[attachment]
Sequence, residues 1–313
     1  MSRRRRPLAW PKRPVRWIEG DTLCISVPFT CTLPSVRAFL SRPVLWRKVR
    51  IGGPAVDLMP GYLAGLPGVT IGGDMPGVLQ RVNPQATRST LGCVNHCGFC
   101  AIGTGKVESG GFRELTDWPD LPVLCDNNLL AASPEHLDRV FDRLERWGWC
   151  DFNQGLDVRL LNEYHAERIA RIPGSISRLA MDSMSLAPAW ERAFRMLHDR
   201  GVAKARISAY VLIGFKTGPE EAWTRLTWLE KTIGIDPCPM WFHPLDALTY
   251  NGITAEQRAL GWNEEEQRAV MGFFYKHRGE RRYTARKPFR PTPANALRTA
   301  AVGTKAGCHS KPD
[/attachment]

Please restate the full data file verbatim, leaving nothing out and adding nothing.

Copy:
Sequence, residues 1–313
     1  MSRRRRPLAW PKRPVRWIEG DTLCISVPFT CTLPSVRAFL SRPVLWRKVR
    51  IGGPAVDLMP GYLAGLPGVT IGGDMPGVLQ RVNPQATRST LGCVNHCGFC
   101  AIGTGKVESG GFRELTDWPD LPVLCDNNLL AASPEHLDRV FDRLERWGWC
   151  DFNQGLDVRL LNEYHAERIA RIPGSISRLA MDSMSLAPAW ERAFRMLHDR
   201  GVAKARISAY VLIGFKTGPE EAWTRLTWLE KTIGIDPCPM WFHPLDALTY
   251  NGITAEQRAL GWNEEEQRAV MGFFYKHRGE RRYTARKPFR PTPANALRTA
   301  AVGTKAGCHS KPD